By now you should know that No. 2 Kansas had other heavily-sought after recruits not named Andrew Wiggins. One was starting guard Wayne Selden and the other was 7-foot center Joel Embiid.
The latter of the two had his best performance to date in KU’s 86-66 win over defending MAAC champion Iona on Tuesday night at Phog Allen Fieldhouse. Embiid started the game off the bench to score 16 points, grab 13 rebounds and reject two shots, connecting on all seven shots he took.
“You guys saw just a small glimpse of how good his feet are,” Kansas head coach Bill Self told reporters after the game, via Rustin Dodd of the Kansas City Star. “And he’s smart, and he gets it, and he’s just figuring stuff out all the time. I’m real pleased with his development, but I still think we’re not even scratching the surface of what he can become.”
The Cameroon native, playing in front of his father, showed enough glimpses to warrant a second half start over transfer senior Tarik Black. In the first half, Embiid showed terrific footwork in the lane for the smooth finish at the rim. And in the first minute of second half he rose up and caught a high alley-oop feed from Naadir Tharpe.
Kansas led 41-36 at halftime, but pulled away in the last 20 minutes behind Wiggins’ defense and Perry Ellis’ team-high 21 points. Wiggins and Ellis connected on a great play, that started with Wiggins picking off a pass at halfcourt, before surveying the court. Wiggins attacked the basket and hit Ellis with a pass, and from there the sophomore forward went up and under the hoop for the acrobatic lay-in, to stretch the Jayhawks’ lead
I get it, a double-double game against Iona may not be a big deal, but this is a big step for a kid that didn’t start playing basketball until he was 16. Embiid is full of potential, and this was a step in the right direction. What’s even better for Kansas: he’s got 10 more games to get more reps, more minutes before conference play starts. And by then he’ll have games against Florida’s frontline, Joshua Smith of Georgetown and Alex Kirk of New Mexico under his belt.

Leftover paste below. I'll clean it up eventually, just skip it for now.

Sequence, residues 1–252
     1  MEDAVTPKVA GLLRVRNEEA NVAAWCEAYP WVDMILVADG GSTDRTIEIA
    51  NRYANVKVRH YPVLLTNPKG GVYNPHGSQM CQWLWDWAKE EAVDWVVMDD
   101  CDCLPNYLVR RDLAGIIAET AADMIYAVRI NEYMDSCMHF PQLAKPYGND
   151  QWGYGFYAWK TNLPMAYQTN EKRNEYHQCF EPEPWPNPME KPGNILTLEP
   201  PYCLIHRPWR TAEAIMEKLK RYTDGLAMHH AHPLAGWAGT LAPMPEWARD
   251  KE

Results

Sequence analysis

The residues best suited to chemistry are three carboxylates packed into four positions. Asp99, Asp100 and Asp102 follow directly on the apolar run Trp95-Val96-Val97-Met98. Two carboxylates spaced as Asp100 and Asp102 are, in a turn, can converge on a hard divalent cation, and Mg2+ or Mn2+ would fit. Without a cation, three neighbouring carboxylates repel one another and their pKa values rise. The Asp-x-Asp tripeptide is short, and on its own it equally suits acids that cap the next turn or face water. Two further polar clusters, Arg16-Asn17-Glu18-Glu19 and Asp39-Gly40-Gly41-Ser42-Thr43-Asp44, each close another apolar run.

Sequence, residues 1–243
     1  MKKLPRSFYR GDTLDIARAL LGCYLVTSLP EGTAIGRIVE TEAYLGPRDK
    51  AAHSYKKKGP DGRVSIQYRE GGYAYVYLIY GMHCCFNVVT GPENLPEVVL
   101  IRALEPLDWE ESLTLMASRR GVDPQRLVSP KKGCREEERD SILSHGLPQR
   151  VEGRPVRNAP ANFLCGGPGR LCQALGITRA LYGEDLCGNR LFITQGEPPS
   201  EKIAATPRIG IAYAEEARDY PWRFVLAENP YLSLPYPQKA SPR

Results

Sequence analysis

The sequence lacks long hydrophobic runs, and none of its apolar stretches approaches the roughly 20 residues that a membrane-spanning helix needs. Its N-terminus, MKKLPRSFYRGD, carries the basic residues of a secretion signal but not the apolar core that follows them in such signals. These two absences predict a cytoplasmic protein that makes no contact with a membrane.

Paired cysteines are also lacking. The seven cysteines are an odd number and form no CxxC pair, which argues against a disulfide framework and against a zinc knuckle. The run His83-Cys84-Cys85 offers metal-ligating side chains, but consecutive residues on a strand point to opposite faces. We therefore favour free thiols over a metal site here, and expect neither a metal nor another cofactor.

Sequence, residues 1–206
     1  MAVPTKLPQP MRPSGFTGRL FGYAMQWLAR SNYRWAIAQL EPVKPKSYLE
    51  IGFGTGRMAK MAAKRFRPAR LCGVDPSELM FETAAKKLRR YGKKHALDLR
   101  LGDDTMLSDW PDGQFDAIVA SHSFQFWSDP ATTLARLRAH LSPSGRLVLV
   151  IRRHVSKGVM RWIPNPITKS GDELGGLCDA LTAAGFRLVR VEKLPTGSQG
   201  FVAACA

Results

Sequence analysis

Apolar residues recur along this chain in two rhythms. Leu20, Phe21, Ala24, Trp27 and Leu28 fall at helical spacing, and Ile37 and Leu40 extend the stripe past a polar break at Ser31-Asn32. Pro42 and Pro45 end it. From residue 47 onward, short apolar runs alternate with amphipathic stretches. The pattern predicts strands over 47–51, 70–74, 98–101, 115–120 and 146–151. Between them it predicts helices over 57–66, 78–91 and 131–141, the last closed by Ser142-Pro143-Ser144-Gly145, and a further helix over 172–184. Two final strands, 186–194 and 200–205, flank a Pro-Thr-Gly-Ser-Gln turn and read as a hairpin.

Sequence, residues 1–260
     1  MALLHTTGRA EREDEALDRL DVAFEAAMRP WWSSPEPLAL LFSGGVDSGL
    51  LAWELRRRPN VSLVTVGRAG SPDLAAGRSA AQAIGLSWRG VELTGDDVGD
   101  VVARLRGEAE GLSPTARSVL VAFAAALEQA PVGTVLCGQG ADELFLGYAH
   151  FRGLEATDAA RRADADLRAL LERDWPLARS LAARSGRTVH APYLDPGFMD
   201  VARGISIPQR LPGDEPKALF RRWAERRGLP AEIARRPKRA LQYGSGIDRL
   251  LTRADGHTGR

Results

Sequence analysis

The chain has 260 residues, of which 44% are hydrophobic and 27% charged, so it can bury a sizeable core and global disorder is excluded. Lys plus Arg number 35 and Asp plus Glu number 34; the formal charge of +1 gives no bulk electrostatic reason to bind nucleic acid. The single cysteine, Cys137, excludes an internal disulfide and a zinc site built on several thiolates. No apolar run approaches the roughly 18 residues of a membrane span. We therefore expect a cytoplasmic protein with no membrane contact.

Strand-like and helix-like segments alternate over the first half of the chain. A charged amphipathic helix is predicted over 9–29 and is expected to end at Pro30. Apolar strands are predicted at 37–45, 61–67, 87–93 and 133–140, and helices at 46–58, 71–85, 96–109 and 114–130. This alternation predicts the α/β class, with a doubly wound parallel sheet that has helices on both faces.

Stanford guard Marcus Allen will be out indefinitely after suffering a stress fracture in his right foot, the school announced on Monday evening.
“We want to make sure Marcus is fully healthy before returning to the court,” Stanford coach Johnny Dawkins said in a statement. “Marcus played at a high level during our summer exhibition competition in Italy, where he was one of our leading scorers. We will certainly miss him as we continue to prepare for the season, but we are fortunate that this happened now and he will be back before he knows it.”
The loss of Allen is a potentially brutal blow in an already-thin back court. The 6-foot-3 Allen started 23 games as a sophomore last season, averaging 6.4 points and 3.5 boards. But he averaged 11.4 points and 5.4 boards as the Cardinal made a run to the NIT championship and looked poised to be able to replace the departed Chasson Randle’s production this year.
What’s worse is that without Allen, Stanford does not return a single player in their back court that averaged more than 11.5 minutes. Sophomore Robert Cartwright looks poised to step into the starting point guard role, but neither Dorian Pickens nor Christian Sanders looked like they were ready for that kind of role in the Pac-12 last season. Dawkins does return Malcolm Allen, Marcus’ twin brother, who sat out last season with a broken wrist.
The good news is that Stanford’s front court is strong enough to carry the Cardinal until Marcus is healthy. Rosco Allen, Reid Travis and Michael Humphrey will be able to hold their own against any front line in the Pac-12, while Grant Verhoeven and freshman Josh Sharma will provide adequate depth.
Utah picked up its center of the future on Monday as four-star center Jayce Johnson pledged to the Runnin’ Utes, a source confirmed to NBCSports.com. The 7-foot Johnson recently cut his list to Cal, Colorado and Utah with the possibility of reclassifying to the Class of 2015.
Regarded as the No. 67 overall prospect in the Class of 2016, Johnson will look to attend Utah in December as a walk-on who will redshirt. While Johnson likely won’t play this season, he does give head coach Larry Krystkowiak another big man to use in practice to go against sophomore center Jakob Poeltl. A solid long-term prospect, Johnson has a good frame to add weight and he’s also skilled finishing with both hands. Utah now has its replacement for Poeltl if he opts to leave for the NBA after the season and he gets an extra semester to work with the program.
Johnson is coming off of his official visit to Utah this weekend as he joins junior college guard Jojo Zamora in the Class of 2016.